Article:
We collapsed into bed, We were woken early, too early by the bloody bird watchers having breakfast at 5am - noisily! we managed to get more sleep after they had headed off into the forest and we both smirked at each other when the heavens opened half an hour later, not great for birds.

After breakfast we set off into the forest to do a trail imaginatively named the waterfall trail. Surprisingly we actually saw some pretty cool birds including a Raffles's malkoha and a racket tailed Drongo. It was steep going and a slide down the ridge we climbed for about an hour before we reached a pretty spectacular waterfall and river. It started to rain but I went for a swim anyway it was really refreshing. We sheltered from the rain before beginning the long hike up the mountain side.

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Forest fruits and flowers

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The waterfall.


We also hiked up to a viewing platform

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That evening we deicided to do some more herping and made our way down to the waterfall through about 2km of forest, another fantastic evening. We stopped off via the frog pond to see who was about, again not disappointed

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A small Tropidolaemus wagleri on the hunt for frogs

The trail was pretty good for herps

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Limnonectes palavanensis, another guardian frog. Eggs are laid in a terrestrial nest, the eggs are guarded by the males and when they hatch the tadpoles climb onto the males back and he carries them to a pool of water where they can continue their development, a great way to stop the eggs being eaten by aquatic predators.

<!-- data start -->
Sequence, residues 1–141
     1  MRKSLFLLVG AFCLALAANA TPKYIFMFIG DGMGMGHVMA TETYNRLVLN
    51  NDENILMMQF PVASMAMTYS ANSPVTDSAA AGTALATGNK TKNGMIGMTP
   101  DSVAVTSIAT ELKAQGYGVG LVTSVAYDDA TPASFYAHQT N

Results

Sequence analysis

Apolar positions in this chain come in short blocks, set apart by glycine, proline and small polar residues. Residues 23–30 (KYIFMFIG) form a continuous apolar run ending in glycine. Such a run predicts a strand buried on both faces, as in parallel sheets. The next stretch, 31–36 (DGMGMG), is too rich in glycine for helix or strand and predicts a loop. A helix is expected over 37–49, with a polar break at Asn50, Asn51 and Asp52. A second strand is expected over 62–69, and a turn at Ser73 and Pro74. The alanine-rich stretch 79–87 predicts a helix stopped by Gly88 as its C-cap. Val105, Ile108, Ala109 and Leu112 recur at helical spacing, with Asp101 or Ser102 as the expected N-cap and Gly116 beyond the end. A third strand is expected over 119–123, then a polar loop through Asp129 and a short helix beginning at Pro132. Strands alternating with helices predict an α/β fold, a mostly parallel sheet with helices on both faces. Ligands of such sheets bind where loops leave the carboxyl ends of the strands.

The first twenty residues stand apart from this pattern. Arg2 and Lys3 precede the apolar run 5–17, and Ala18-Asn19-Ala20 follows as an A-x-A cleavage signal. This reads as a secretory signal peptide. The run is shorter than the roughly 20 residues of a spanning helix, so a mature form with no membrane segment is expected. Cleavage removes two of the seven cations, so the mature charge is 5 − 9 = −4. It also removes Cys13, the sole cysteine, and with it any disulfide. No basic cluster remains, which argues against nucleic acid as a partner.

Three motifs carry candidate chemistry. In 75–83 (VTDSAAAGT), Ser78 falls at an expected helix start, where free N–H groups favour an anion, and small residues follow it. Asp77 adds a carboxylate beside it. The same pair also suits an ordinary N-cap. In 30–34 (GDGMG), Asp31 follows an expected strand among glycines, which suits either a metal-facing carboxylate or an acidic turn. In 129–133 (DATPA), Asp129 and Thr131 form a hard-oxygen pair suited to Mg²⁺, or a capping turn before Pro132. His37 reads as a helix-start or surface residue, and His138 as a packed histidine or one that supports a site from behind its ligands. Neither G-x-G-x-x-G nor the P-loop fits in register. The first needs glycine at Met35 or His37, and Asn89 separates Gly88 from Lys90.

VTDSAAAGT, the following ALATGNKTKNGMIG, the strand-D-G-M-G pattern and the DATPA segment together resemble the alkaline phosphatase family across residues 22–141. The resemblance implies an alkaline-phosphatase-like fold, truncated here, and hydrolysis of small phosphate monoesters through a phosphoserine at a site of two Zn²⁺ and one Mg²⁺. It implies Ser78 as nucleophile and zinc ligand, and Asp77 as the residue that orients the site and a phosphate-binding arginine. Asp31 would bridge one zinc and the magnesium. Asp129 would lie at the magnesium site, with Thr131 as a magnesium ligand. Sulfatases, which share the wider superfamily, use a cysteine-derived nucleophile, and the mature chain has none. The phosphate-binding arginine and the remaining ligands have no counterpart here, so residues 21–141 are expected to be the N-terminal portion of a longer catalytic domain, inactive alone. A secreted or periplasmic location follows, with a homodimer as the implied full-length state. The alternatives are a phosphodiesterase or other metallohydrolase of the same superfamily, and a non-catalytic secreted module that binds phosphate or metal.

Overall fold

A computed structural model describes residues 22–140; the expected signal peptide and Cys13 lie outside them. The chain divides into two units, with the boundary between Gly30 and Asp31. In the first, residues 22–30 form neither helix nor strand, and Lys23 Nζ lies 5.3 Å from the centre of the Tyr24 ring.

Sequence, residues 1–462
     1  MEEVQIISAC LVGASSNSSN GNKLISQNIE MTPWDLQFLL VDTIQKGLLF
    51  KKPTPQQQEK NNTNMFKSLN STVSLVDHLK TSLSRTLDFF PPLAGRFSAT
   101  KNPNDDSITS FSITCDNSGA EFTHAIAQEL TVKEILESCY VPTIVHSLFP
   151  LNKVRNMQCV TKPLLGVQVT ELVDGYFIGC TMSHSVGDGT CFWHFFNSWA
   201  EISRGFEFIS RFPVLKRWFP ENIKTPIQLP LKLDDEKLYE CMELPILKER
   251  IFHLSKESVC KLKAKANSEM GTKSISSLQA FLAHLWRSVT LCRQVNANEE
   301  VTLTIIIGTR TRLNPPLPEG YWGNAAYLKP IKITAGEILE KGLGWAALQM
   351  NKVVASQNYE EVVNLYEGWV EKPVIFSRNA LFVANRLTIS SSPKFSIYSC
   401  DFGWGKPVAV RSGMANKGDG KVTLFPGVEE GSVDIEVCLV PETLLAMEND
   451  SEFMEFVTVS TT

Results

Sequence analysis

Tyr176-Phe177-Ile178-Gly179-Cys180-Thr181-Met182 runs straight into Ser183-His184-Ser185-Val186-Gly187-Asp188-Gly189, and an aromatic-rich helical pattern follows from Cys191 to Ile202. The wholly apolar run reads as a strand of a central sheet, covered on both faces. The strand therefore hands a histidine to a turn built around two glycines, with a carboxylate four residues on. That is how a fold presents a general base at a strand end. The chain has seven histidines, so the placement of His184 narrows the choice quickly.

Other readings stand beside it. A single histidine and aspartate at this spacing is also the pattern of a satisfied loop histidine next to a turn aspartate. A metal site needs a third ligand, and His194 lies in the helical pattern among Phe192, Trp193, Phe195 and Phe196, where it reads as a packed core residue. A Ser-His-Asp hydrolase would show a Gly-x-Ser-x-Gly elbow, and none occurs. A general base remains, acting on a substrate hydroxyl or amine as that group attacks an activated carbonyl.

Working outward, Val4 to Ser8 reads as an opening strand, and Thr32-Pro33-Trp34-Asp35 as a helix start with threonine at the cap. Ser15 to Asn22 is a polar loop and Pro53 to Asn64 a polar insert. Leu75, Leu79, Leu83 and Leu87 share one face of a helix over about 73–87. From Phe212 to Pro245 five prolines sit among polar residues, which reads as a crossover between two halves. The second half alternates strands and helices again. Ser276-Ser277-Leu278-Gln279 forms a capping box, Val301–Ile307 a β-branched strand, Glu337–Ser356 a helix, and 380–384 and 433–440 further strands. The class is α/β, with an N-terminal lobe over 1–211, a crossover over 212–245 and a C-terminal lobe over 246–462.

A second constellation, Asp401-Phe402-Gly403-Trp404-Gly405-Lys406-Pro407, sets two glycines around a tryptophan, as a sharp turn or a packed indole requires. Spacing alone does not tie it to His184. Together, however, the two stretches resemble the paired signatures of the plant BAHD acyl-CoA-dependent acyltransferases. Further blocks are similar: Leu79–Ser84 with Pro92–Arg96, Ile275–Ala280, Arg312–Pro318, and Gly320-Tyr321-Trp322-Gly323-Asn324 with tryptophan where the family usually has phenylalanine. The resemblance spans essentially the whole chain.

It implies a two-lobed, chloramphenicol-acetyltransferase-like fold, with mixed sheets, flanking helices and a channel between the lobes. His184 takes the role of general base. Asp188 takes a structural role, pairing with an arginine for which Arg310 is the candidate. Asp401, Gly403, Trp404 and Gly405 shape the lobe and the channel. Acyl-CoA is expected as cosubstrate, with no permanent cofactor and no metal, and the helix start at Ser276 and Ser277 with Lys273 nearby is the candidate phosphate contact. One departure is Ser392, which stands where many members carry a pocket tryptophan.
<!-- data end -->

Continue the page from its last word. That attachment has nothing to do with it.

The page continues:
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Leptobrachium abbotti were frequnetly encountered deoo in the forest in leaf litter.

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The eyeshine gave away the presence off this tiny microhylid frog (Kalophrynus species), it was actually in a curled up leaf on the path

I was very surprised to see some mammals, the first creature crashed through the undergrowth a meter in front of me, it was so fast I failed to get a photo, but a fleeting glimpse gave its identity away, a long tailed porcupine. For something relatively small it made a lot of noise, our hearts were racing.

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A little bit further on a white rodent scurried away, managed to get a photo of its arse as it disappeared into a thick stand of vegetation. The strong musty odour gave us no doubt we has seen a moonrat - great name for an animal and a species I have long wished to encounter.

There were also a few reptiles

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Draco species, any help on an ID would be appreciated

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A day gecko, Cnemaspis species, I was surprised at how conspicuous this lizard was sleeping out on the bowl of a large tree. Again any help on an ID would be appreciated.

We also spotted a huge nocturnal bird called a frog mouth sitting up high in the canopy. Judging from the movement of its eye shine it was equally as interested in us as we were in it and we half expected to be dive bombed by it at any minute.